The prostate is a small, muscular gland that is part of the male reproductive system. It slowly swells as a man gets older, squeezing the urethra and limiting the flow of urine. An enlarged prostate is known as Benign Prostatic Hyperplasia or BPH.
Accompanying symptoms can be mild to severe and usually get worse over time. Diagnosis helps to rule out other more serious conditions and can help to manage the symptoms and treat the condition.
Initial Tests For BPH
Your urologist will perform initial tests to diagnose an enlarged prostate.
- A urine test will rule out any infection or other issue.
- A PSA blood test looks for levels of a Protein Specific Antigen found only in the prostate gland. This protein should be at a low level for a healthy prostate. Higher levels can indicate an inflammation known as prostatitis, BPH, or prostate cancer. This is a routine test for men over age 50.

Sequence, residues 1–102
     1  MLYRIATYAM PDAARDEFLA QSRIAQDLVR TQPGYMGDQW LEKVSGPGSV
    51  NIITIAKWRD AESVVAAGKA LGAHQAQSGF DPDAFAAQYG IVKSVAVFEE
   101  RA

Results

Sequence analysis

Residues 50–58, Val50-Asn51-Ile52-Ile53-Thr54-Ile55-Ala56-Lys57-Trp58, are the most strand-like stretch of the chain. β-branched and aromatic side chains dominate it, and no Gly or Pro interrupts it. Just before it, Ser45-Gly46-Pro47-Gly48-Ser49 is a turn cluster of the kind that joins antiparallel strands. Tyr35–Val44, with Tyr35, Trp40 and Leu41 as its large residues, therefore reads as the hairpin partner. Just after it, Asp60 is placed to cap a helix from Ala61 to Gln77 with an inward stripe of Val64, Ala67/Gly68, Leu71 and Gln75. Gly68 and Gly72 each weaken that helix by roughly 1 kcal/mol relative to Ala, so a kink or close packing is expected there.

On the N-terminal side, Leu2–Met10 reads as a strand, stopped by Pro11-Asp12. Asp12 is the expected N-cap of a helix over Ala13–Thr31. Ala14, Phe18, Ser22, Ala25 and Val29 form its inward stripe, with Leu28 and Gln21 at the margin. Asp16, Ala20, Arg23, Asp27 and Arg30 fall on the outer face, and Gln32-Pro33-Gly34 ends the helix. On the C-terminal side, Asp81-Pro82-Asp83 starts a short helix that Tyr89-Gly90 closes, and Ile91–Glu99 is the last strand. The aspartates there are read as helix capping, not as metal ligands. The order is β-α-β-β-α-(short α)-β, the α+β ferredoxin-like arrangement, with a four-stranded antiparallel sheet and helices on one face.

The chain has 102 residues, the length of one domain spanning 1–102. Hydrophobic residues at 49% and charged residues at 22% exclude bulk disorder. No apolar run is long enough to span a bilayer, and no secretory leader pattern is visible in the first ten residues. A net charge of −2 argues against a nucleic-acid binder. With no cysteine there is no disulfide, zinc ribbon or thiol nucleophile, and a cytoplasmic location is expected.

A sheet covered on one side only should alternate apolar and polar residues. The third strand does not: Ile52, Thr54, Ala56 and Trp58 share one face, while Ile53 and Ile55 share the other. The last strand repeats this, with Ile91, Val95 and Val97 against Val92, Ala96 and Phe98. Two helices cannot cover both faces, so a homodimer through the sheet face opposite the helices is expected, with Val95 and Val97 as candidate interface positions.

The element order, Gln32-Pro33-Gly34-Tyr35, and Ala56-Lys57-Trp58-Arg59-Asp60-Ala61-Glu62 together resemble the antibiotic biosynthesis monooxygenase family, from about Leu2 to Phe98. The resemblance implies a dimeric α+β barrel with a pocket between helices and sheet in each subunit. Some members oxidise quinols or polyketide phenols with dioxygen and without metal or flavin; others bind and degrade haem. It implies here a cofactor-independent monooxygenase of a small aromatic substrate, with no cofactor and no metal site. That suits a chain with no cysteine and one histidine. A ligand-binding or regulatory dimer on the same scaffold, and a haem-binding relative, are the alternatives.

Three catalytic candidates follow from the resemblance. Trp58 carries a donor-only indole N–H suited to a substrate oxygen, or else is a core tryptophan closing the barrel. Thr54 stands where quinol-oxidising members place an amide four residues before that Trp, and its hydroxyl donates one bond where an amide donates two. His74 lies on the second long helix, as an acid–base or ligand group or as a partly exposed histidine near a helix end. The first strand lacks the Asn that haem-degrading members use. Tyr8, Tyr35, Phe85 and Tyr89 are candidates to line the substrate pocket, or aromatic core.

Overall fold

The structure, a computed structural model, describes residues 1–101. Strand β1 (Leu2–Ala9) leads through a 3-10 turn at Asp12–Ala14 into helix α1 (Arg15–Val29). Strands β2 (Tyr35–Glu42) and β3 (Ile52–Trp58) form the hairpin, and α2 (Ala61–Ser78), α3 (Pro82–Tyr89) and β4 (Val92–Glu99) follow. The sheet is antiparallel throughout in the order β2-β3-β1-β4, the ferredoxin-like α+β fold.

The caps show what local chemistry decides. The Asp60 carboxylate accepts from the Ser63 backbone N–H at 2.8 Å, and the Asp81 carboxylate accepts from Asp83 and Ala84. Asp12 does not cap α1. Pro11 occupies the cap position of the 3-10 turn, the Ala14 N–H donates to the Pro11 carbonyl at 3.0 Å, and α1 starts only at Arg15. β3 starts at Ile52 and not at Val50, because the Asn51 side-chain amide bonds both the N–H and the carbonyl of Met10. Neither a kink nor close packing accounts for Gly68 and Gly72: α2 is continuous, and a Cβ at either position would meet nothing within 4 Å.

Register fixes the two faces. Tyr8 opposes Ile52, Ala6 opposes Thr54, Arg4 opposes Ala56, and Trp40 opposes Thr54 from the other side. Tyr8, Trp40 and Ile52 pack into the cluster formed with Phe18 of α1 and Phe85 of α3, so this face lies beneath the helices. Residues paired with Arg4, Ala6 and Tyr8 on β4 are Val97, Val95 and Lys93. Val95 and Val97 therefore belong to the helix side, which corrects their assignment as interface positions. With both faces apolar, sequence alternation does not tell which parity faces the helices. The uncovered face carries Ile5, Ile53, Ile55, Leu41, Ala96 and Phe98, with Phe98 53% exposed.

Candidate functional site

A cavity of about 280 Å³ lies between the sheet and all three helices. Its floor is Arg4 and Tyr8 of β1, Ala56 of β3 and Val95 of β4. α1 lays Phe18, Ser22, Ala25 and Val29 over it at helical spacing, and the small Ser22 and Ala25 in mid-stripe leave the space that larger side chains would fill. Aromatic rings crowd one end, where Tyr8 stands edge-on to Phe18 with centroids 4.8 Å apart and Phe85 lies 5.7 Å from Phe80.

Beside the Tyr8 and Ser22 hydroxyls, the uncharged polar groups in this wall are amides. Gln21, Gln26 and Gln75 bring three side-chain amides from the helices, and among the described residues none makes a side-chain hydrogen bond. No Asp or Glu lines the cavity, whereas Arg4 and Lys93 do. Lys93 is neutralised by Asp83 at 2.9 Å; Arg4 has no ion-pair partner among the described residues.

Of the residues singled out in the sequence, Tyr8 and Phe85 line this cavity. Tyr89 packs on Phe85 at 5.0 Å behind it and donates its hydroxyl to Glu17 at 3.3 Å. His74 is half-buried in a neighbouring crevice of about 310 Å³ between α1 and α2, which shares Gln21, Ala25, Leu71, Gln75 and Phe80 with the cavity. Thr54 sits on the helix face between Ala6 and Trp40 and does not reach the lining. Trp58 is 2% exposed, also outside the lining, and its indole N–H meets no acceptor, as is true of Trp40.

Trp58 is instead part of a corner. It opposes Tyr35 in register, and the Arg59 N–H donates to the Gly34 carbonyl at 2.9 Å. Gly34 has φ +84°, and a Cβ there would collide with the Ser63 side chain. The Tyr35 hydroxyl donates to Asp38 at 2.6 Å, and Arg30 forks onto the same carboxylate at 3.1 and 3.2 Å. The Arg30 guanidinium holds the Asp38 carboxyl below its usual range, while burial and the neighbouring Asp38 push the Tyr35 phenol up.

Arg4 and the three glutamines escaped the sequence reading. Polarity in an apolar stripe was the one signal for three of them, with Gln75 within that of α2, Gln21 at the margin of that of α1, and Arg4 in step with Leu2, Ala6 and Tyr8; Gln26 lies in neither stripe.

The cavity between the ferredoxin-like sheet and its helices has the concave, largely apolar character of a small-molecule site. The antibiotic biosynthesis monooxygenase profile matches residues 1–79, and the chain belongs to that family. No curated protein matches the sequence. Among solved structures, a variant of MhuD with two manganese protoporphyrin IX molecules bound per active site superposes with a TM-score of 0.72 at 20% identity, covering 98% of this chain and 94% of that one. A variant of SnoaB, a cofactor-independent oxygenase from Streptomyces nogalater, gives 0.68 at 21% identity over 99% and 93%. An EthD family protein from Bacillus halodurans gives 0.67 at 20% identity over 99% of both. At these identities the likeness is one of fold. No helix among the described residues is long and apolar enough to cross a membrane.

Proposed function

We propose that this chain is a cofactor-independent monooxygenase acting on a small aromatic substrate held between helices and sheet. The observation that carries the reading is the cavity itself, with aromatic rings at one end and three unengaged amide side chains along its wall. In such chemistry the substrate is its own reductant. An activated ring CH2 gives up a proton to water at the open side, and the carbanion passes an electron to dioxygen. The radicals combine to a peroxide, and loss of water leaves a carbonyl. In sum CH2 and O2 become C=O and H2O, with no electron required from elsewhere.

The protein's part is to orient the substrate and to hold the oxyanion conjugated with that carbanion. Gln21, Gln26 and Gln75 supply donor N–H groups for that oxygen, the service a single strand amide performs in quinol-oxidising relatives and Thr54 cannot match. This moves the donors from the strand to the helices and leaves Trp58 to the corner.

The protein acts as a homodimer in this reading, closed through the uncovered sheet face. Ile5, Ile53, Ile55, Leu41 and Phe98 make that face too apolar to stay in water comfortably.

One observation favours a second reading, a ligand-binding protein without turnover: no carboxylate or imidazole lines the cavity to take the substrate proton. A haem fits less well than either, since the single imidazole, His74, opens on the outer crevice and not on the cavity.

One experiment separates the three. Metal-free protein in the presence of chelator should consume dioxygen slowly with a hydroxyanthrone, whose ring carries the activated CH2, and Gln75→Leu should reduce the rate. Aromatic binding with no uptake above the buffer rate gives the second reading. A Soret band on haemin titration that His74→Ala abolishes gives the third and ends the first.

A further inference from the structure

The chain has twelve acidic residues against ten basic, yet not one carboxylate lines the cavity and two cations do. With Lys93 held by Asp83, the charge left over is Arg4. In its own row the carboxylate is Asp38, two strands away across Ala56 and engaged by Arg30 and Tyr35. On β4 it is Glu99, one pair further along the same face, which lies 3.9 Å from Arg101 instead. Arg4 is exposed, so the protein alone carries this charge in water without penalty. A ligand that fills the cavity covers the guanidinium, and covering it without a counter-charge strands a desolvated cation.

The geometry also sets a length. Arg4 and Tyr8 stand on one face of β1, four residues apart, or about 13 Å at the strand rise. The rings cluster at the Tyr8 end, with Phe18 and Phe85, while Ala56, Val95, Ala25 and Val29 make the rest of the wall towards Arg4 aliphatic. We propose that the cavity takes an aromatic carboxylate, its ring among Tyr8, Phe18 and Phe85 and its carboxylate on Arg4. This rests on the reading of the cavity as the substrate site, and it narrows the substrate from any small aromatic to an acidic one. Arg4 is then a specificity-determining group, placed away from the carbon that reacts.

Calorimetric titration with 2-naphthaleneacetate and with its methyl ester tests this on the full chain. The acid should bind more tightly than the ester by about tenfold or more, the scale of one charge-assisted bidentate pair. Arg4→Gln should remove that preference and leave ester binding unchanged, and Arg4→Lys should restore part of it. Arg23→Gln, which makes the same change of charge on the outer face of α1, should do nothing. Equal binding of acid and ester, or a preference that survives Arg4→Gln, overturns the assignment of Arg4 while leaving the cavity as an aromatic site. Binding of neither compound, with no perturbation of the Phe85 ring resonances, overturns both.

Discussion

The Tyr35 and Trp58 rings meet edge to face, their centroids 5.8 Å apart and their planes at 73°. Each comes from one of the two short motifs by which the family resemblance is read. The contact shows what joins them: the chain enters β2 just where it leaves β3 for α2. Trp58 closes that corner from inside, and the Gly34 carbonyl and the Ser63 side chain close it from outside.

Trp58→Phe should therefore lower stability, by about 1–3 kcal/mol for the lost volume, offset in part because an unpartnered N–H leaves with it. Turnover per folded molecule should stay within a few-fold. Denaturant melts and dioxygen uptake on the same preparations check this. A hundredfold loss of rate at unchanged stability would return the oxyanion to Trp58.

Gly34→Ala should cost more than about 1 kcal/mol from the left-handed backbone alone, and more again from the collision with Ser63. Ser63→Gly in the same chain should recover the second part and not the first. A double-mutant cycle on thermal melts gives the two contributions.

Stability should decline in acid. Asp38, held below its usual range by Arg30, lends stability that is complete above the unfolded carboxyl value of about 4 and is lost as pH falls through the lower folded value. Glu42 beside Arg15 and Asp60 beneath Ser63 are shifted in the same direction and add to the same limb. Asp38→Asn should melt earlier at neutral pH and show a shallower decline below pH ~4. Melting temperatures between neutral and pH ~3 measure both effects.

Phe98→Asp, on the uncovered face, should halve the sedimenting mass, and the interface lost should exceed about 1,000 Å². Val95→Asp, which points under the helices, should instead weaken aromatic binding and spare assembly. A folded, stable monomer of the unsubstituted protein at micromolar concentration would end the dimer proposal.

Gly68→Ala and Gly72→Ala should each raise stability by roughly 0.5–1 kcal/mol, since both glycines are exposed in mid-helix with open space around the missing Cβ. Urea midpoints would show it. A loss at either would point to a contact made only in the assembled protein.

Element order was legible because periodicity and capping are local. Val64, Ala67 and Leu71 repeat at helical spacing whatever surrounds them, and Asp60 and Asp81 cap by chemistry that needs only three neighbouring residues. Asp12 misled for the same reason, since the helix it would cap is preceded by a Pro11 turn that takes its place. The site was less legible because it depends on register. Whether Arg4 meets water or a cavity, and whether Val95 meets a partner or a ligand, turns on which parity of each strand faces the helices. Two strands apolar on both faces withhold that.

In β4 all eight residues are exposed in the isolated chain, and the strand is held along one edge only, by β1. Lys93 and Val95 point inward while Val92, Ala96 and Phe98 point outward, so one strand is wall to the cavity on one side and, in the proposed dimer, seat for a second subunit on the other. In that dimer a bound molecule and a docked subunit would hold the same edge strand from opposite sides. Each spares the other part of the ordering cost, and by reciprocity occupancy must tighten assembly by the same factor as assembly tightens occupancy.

- A DRE is a digital rectal exam performed by the doctor using a lubricated glove. As the man bends forward or lies on his side, the doctor inserts one finger into the rectum to feel the prostate and determine if it has an abnormal shape or thickness.
Some additional tests may be ordered. Among them are a uroflowmetry test, measuring how fast the urine flows, a PVR or post-void residual test to determine how much urine is left in the bladder after urination, and an ultrasound of the prostate, plus others.
Routine Protocols For BPH Diagnosis
The FDA has approved the combination of PSA and DRE for men aged 50 or older to detect prostate cancer and to monitor patients after cancer treatments.
Typical Symptoms Of BPH
All men may not have the same symptoms, and the size of the prostate does not necessarily determine how severe the symptoms might be. Some men with only a slightly enlarged prostate may have acute symptoms.
Symptoms of BPH Include
- Frequent or urgent need to urinate which increases at night
- A weak stream
- Difficulty starting to urinate, or starting and stopping
- Dribbling stream at the end
- Inability to empty bladder.
If you experience any of these symptoms, or especially if you find blood in your urine, you should see your healthcare professional as soon as possible for a diagnosis.
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